## Graph of the Day: Breaking Even on the Basepaths

It's common knowledge in sabermetric circles that it's not just the stolen base that's important, it's also the caught stealing.  A base stealer is only valuable if the impact of his successful steals outweighs the times he's caught.

The rule of thumb is that you need to be successful close to 75% of the time in order for an attempted steal to be worth it.  This is determined by looking at the expected run value of the success and the failure and calculating what is known as the breakeven point.

Expected run value is an okay way to figure out the breakeven point, but a better one is by using win value. Using win value takes into account the fact that stolen bases attempts generally occur in situations that are more important than average.

Update: I've had at least one request for the raw data, so I've posted it here for all that are interested.

As part of the preparation for my historical stolen base article at The Hardball Times, I calculated the actual average win value of both the stolen base and the caught stealing for each season the Retrosheet era (1954-2008).

This allowed me to figure out the breakeven point for each of those seasons and plot them on this graph.

Be a little bit careful in quoting these numbers though. For this to be the true breakeven point, we'd need to assume that managers and players have figured out the optimum times to run, which could be a poor assumption.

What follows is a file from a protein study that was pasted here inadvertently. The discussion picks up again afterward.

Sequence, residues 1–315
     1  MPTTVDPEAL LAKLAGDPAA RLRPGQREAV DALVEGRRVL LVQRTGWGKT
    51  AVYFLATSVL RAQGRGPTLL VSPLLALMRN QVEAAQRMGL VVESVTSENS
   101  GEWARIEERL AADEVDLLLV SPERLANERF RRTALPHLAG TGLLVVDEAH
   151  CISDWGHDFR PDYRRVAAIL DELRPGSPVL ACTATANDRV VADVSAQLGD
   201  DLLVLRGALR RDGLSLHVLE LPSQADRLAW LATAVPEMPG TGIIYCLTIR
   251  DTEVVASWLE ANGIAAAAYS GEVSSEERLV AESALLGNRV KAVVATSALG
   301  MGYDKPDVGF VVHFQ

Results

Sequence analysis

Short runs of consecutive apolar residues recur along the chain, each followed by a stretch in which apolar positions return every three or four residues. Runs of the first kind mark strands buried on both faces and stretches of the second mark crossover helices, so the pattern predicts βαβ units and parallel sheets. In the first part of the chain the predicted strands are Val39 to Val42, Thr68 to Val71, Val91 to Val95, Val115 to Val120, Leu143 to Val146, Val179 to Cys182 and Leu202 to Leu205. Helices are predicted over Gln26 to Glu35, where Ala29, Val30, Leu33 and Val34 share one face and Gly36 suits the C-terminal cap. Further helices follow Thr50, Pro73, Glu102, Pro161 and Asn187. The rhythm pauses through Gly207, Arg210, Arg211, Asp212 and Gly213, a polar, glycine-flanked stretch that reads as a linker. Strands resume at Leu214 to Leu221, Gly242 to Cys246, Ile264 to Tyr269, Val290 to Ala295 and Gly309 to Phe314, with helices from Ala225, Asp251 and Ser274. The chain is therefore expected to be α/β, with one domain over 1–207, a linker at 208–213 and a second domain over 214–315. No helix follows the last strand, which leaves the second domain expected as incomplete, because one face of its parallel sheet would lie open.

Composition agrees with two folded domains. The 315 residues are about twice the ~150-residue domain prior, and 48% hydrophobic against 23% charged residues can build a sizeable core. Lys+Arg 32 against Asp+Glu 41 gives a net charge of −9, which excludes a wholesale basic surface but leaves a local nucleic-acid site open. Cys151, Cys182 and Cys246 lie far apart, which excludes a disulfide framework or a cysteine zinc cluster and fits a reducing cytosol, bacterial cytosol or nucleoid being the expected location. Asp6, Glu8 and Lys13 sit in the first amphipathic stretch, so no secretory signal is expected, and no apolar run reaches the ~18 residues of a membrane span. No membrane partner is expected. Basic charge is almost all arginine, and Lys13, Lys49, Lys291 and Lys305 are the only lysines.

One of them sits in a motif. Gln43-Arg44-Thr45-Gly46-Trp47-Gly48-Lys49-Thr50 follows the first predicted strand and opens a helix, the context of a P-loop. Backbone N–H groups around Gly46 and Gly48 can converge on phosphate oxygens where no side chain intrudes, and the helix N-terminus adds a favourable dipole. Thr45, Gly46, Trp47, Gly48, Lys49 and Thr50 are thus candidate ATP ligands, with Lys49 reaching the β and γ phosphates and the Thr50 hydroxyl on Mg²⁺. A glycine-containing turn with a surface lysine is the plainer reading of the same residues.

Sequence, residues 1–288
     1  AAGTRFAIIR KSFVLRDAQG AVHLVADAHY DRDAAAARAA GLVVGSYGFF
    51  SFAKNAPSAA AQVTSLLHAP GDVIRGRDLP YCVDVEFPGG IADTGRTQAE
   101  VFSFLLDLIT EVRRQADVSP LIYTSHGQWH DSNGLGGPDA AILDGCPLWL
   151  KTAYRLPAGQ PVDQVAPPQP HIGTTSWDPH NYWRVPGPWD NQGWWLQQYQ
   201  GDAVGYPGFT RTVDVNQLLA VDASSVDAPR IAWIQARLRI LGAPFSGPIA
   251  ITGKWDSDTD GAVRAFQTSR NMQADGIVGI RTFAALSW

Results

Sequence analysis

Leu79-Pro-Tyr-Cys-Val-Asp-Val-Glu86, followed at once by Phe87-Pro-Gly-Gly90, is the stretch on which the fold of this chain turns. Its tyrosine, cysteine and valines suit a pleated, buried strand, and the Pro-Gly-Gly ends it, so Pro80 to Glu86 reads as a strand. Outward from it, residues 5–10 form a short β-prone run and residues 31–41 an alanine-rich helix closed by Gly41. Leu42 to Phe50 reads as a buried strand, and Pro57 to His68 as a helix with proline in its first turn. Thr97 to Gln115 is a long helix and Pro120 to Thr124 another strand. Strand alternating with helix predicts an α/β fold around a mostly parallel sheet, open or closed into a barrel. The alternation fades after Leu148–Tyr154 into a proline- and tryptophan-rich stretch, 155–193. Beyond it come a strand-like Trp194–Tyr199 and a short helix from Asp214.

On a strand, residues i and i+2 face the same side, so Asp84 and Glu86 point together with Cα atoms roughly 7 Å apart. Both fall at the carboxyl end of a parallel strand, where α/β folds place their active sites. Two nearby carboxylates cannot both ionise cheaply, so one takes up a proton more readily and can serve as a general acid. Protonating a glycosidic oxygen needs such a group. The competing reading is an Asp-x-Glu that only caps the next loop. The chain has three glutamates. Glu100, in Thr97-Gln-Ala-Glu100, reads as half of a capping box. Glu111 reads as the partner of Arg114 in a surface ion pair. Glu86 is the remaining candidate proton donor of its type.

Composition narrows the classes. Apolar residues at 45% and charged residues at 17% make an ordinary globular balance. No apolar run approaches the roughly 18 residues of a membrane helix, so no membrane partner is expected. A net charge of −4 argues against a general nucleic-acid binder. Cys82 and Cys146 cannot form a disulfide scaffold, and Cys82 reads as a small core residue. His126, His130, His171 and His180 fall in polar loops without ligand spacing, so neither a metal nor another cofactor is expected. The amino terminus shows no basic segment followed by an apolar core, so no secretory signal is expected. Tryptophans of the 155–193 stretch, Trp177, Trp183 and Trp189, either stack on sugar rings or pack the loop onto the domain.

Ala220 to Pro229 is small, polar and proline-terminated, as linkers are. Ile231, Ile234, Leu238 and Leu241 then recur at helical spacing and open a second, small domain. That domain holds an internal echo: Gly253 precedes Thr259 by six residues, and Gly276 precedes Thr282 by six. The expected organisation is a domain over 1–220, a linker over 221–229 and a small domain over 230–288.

The proper way to do this (I think) is to figure out the breakeven point for each possible steal situation and then calculate the average by weighting how often each situation occurs.

My guess is that the game on the field is closer to efficient than many like to think, so I think the actual numbers will be fairly close to the right answer.

##### References

The Win Expectancy and Leverage Index data is licenced from http://www.InsideTheBook.com

The information used here was obtained free of charge from and is copyrighted by Retrosheet. Interested parties may contact Retrosheet at "www.retrosheet.org".

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